Federations, JCCs and agencies retrench in the face of economic crisis
By ERIN ELLIOTT /Â Community News Editor
At a May 18 luncheon sponsored by Newsweek magazine, Treasury Secretary Timothy Geithner said the U.S. economy was beginning to stabilize, but cautioned that consumers will still feel the pain of the current downturn for some time.
“It’s not going to feel better for a long time for millions of Americans,” Geithner said, according to Reuters.
The Twin Cities Jewish community is feeling the pain, too. Local organizations are instituting unpaid furloughs, restructuring programs and offering pay-what-you-can memberships in an effort to adapt to current economic conditions.
The Minneapolis Jewish Federation also has announced a new schedule. From Memorial Day to Labor Day, the Federation offices will be closed every Friday “in an effort to reduce costs during this challenging economic time.”
In an open letter to the Minneapolis Jewish community, which ran in the May 15 edition of the AJW, the Federation said that this year’s Annual Campaign achievement would be “significantly lower,” due to the “economic climate as well as financial scandals that have impacted so many members of our community.”
“This decrease will have an enormous impact on the tens of thousands of people helped annually through the organizations that benefit from these dollars — even as the demand for basic services continues to grow,” the letter said.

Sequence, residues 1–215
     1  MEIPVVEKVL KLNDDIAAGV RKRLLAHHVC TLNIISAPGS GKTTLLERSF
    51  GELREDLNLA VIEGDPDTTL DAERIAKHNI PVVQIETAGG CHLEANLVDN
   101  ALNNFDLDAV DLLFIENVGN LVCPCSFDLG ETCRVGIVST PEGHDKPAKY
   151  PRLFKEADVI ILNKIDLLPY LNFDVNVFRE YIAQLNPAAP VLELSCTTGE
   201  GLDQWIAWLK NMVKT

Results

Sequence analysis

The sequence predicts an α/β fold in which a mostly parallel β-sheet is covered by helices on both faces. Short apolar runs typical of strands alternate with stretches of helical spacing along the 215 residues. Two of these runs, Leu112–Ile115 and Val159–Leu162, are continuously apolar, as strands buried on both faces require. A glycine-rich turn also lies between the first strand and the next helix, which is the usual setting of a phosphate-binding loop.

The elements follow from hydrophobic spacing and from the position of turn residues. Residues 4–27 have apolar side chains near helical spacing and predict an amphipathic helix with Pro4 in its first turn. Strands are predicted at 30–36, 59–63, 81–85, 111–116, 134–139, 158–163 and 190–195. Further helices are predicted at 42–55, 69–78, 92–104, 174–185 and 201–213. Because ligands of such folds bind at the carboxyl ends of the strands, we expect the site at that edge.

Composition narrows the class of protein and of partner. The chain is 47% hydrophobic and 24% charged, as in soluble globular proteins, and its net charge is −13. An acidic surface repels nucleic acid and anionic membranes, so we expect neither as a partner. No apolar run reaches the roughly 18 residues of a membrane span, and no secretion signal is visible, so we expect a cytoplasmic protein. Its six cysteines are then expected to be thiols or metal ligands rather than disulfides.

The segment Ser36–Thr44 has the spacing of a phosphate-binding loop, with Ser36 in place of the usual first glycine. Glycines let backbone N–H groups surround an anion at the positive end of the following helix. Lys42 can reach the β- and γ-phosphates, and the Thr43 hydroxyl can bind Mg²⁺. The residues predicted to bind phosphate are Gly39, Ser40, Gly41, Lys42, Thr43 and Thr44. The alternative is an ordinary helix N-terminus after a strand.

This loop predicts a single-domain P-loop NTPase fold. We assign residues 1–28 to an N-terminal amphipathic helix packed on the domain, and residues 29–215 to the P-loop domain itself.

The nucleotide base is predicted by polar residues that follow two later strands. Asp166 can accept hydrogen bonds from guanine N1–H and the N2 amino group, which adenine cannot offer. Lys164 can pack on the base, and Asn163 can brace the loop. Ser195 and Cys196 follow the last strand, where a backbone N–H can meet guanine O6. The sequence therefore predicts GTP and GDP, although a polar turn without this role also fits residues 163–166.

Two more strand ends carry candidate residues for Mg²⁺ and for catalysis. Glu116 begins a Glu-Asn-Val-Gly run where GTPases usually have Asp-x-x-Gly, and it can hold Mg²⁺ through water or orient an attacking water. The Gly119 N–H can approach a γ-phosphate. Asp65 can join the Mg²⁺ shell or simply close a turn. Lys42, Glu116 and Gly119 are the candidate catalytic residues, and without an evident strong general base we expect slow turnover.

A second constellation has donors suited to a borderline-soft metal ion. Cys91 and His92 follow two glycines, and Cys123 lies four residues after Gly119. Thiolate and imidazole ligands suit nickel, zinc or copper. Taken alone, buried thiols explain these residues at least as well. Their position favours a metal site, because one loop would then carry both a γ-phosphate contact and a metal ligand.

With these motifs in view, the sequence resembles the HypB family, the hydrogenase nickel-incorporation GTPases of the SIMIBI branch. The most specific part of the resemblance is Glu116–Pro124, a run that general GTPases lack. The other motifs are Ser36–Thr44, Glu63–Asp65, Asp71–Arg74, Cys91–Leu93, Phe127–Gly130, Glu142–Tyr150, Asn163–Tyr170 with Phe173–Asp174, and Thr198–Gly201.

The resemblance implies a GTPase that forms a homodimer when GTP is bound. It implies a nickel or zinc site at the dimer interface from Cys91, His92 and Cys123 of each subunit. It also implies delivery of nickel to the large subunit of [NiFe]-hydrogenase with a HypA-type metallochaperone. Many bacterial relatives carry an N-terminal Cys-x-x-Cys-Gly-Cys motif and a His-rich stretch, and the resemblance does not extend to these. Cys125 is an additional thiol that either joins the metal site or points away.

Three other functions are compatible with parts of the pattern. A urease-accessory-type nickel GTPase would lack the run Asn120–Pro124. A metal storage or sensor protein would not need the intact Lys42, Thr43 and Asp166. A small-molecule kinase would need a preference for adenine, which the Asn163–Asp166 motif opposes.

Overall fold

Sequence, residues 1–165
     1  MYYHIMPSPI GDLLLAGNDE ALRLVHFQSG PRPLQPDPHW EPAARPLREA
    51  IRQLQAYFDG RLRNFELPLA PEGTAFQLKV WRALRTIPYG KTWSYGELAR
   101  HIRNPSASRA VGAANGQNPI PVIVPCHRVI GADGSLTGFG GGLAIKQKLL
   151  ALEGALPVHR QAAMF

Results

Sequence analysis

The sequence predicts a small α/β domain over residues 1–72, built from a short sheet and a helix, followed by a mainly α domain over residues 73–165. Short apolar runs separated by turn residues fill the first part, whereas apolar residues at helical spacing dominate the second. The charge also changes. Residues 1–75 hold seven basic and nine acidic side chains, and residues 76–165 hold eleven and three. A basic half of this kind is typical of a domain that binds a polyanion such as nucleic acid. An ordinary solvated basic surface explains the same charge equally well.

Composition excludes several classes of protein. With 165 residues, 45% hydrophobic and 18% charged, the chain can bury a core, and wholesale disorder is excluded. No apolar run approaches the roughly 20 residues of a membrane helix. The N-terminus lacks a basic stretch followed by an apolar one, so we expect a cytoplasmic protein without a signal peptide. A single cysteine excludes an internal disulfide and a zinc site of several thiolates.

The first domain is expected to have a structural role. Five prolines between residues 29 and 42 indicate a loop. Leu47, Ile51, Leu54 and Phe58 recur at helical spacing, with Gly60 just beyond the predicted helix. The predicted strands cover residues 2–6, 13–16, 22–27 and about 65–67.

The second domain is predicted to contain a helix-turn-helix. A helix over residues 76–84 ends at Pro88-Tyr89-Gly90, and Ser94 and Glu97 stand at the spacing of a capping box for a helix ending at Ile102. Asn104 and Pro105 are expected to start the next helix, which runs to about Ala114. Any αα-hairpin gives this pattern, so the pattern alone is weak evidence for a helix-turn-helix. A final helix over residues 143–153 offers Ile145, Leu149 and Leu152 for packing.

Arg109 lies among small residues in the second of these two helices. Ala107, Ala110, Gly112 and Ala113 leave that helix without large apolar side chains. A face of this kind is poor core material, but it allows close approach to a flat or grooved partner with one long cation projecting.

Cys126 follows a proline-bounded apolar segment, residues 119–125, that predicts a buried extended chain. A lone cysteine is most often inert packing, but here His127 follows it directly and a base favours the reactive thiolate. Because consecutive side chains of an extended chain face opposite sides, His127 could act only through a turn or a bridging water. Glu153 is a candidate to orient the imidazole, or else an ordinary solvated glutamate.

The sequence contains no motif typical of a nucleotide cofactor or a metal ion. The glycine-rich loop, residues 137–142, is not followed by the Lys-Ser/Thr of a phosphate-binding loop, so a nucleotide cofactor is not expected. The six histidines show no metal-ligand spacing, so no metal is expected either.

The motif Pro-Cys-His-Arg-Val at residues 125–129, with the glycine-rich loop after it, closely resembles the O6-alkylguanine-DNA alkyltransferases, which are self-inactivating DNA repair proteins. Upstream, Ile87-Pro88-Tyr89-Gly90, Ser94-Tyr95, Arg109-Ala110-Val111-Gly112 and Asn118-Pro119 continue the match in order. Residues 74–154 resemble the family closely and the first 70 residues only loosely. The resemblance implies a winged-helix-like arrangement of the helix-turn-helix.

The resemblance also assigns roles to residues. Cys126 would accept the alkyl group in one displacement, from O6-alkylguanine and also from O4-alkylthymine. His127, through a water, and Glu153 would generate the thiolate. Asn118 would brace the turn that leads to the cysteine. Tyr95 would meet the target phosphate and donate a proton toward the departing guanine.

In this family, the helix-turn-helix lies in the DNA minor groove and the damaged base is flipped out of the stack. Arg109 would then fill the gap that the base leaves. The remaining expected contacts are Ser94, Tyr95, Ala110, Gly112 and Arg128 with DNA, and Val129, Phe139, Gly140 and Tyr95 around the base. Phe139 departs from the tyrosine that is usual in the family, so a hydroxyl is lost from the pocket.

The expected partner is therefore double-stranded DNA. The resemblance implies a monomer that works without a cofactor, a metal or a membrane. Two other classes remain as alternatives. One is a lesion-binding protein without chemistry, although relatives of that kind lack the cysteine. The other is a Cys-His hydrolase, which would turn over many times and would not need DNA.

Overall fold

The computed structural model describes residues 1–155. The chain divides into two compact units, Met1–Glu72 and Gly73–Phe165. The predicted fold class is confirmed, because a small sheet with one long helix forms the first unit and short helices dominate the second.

The Federation added, however, that it has created the Emergency Family Assistance and Recovery Fund, and will continue to provide grants in a variety of areas through the Federation’s Jewish Community Foundation.
- (Photo: iStockphoto.com)
The Federation’s reference to “financial scandals” is understood to mean the Bernard Madoff investment scam (12.19.08 AJW), which decimated the assets of many philanthropic Jewish families in the Twin Cities. Local Jewish institutions are feeling the losses by individuals and family foundations.
Â (The American Jewish World also has been hit by the unfolding economic crisis, specifically, a downturn in advertising that has affected all newspapers. The AJW moved to biweekly publication in May. Also, in another expense-trimming move, the Jewish World offices now are closed every other Friday, on the date of each paper’s publication.)
In the St. Paul community, shuls are reaching out to congregants in distress.
The rabbis of Beth Jacob Congregation, Mount Zion Temple and Temple of Aaron sent a letter to the St. Paul Jewish community. In the letter, Rabbis Morris Allen, Lynn Liberman, Adam Stock Spilker, Esther Adler and Alan Shavit-Lonstein reminded community members that spiritual support is always available.